The forced swimming test is the most widely used paradigm for the evaluation of anti-stress and antidepressant property of a novel compound (Subarnas et al., 1993; Anisman and Zacharko, 1991). This paradigm is based on the observation that animals forced to swim in water eventually assumed a characteristic immobile posture, devoid of any activity (Subarnas et al., 1993). The appearance of immobility therefore, reflects a state of tiredness, fatigue, reduced stamina or a lowered mood (hopelessness) (Subarnas et al., 1993; Bhattacharya and Ghosal, 2000). These signs represent the core symptoms observed in depressed patients and in individuals under intense stress (Anisman and Zacharko, 1991). It is well known that drugs with anti-stress properties reduce the duration of immobility in animals (Subarnas et al., 1993). The ability of the extract of this plant to reduce the duration of immobility, therefore suggests an anti-stress property.
Central neurotransmitters are functionally involved in the regulation of stress
responses (Bishayee and Chatterjee, 1995). These chemical substances are release
in response to stress and are meant to strengthen the organisms by providing
resistance against the stressful events, a process known as adaptation (Anisman
and Zacharko, 1991; Bishayee and Chatterjee, 1995). However, prolonged severe
stress creates ineffective adaptation, which results in reduced stamina or mood
(Anisman and Zacharko, 1991). Previous studies have shown reduced brain levels
of adrenaline and nor-adrenaline in animals exposed to stress such as the swimming
test, immobilization stress (Bishayee and Chatterjee, 1995; Anisman and Zacharko,
1991; Subarnas et al., 1993). It is well established that under stressful
conditions, utilization and synthesis of these amines are increased in various
regions of the brain (Anisman and Zacharko, 1991; Bishayee and Chatterjee, 1995).
However, if the stress persists and becomes uncontrollable, the utilization
of the amines exceeds synthesis thereby resulting in their depletion (Anisman
and Zacharko 1991; Surbanas et al., 1993).
The results of the study showed that the extract did prolonged the meantime to convulsion, which therefore demonstrate anti-stress property. Prolongation of mean time to convulsion could be as a result of its powerful anti-oxidant and free radical scavenging activities (Oke and Hamburger, 2002).
Experimental stress-induced gastric ulceration has been suggested to results from autonomic nervous system hyperactivity (Parasympathetic hyperactivity) leading to vascular static of gastric mucosa and altered gastric mucosal microcirculation (Athey and Iam, 1981). Gastric ulcerations induced by a large numbers of stressors which is at present, one of the most widely used paradigms to evaluate anti-stress activity (Bhattacharya and Ghosal, 2000). The gastric pathology produced under stress is a continuous from gastric to ulceration, sometimes with perforation (Crawford and Chen, 1999).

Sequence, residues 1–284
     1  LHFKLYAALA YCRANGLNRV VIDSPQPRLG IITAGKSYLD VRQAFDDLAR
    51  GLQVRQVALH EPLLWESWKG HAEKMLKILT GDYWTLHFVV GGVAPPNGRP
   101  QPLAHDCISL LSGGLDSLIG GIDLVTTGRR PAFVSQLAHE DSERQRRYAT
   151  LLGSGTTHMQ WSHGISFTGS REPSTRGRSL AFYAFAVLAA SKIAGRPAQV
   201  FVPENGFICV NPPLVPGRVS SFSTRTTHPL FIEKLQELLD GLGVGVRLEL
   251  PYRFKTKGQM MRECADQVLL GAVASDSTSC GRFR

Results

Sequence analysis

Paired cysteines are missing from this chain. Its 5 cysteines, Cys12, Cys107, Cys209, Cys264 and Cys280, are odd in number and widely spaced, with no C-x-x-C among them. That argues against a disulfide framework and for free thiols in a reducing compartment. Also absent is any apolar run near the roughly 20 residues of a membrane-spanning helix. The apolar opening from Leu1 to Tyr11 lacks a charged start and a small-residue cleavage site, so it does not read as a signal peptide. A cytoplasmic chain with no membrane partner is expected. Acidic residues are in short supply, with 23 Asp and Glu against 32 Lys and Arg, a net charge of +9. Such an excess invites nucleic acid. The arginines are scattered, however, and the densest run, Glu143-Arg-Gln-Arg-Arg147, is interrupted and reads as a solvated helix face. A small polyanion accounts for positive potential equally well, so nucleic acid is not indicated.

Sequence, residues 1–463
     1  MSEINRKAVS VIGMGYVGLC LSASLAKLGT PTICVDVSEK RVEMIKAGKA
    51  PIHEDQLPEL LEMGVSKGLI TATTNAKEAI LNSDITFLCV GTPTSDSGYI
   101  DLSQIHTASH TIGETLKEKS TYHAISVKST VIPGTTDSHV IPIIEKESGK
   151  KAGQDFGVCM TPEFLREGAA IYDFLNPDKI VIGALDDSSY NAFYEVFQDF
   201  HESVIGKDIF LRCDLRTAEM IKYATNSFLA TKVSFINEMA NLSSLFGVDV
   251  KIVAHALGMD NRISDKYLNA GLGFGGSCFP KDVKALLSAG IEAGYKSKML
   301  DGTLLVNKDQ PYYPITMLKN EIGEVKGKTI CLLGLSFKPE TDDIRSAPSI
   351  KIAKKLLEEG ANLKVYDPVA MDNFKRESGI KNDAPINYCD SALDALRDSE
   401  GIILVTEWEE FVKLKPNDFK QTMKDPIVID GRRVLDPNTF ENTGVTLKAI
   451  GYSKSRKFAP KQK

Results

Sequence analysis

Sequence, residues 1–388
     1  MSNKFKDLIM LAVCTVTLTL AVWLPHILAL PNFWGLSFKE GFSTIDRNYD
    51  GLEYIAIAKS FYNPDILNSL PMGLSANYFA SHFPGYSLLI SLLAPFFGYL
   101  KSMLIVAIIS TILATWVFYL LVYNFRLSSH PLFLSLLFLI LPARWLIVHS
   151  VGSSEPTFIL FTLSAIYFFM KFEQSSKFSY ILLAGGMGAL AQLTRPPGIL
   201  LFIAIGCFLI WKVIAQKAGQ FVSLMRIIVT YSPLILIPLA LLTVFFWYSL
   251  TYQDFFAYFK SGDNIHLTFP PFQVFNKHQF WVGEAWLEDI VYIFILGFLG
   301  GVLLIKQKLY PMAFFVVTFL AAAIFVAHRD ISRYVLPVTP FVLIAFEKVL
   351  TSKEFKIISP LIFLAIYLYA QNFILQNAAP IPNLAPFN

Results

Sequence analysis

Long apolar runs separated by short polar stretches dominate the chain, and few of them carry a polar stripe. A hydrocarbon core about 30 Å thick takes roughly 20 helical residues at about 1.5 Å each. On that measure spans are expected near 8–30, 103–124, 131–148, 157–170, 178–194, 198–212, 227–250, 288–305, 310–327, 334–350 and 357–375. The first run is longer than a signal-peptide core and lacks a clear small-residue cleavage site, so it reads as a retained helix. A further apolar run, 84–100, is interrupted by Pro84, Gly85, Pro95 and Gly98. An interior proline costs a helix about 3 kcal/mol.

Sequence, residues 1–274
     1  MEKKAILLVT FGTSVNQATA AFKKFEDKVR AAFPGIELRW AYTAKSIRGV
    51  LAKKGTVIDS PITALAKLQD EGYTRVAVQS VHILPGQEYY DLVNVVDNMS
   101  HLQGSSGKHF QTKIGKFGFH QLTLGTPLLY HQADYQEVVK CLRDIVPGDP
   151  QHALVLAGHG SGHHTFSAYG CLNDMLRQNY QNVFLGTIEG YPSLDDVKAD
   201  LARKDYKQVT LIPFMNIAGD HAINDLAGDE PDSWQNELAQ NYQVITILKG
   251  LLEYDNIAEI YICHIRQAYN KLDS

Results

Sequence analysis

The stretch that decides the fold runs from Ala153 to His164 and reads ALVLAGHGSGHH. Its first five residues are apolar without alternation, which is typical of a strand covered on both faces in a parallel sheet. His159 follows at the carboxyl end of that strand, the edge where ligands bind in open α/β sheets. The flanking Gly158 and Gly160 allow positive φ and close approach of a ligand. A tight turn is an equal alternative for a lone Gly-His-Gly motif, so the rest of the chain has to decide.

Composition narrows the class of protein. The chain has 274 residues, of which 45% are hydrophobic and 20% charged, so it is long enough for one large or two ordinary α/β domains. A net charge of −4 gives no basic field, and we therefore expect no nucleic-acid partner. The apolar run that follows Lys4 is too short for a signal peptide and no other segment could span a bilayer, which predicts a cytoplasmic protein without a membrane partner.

The Ginseng prevented, immobilization stress induced gastric ulcer, this is in line with earlier finding on anti-stress properties of Ginseng (Ellis and Reddy, 2002). This reflects the anti-stress activity of this extract at different doses.
The acute toxicity studies revealed that C. ferruginea has a wide margin of safety profile especially when administered orally. Phytochemical screening revealed the presence of alkaloids, flavonoid, saponins and glycosides in C. ferruginea. Plants possessing flavonoids have been found to exhibit anti-inflammatory, antioxidant and membrane stabilizing properties (Perenz et al., 1995; Levy, 1976). Furthermore, they have been reported to offered protection of cellular components or organs against injurious substances (Rastrelli et al., 1998; Mascolo et al., 1988).
It is likely that the presence of these active ingredients especially flavonoids and saponins may perhaps account for the pharmacological effects demonstrated by C. ferruginea in this study.
The results obtained from this study suggest that the extract is a potential Antistress agent.